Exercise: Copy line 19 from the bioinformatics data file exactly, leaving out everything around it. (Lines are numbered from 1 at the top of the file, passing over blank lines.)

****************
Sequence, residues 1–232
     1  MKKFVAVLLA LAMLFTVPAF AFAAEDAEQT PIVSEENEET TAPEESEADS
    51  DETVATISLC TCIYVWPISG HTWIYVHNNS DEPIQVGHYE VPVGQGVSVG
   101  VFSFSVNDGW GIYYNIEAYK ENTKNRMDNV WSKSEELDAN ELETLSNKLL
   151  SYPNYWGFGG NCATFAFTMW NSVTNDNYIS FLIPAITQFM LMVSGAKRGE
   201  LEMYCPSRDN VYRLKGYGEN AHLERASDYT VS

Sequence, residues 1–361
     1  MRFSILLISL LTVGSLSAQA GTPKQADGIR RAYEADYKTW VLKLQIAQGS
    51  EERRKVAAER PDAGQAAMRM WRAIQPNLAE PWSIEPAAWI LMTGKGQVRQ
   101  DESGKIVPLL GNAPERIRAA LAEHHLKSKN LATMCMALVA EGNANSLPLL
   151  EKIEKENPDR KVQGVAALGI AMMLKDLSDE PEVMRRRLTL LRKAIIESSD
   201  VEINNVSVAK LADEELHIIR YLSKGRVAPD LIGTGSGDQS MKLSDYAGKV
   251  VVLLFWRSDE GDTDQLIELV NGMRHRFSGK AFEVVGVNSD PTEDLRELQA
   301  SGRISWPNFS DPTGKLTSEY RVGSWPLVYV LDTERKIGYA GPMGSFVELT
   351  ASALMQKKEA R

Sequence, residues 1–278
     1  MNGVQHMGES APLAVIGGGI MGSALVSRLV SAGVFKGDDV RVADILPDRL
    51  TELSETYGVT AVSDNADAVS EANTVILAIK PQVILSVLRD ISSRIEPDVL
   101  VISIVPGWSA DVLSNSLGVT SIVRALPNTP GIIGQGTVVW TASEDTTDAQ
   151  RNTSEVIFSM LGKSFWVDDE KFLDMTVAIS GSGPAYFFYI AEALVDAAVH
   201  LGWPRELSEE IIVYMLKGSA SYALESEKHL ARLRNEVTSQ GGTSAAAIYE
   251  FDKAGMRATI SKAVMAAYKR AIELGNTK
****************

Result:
   101  VISIVPGWSA DVLSNSLGVT SIVRALPNTP GIIGQGTVVW TASEDTTDAQ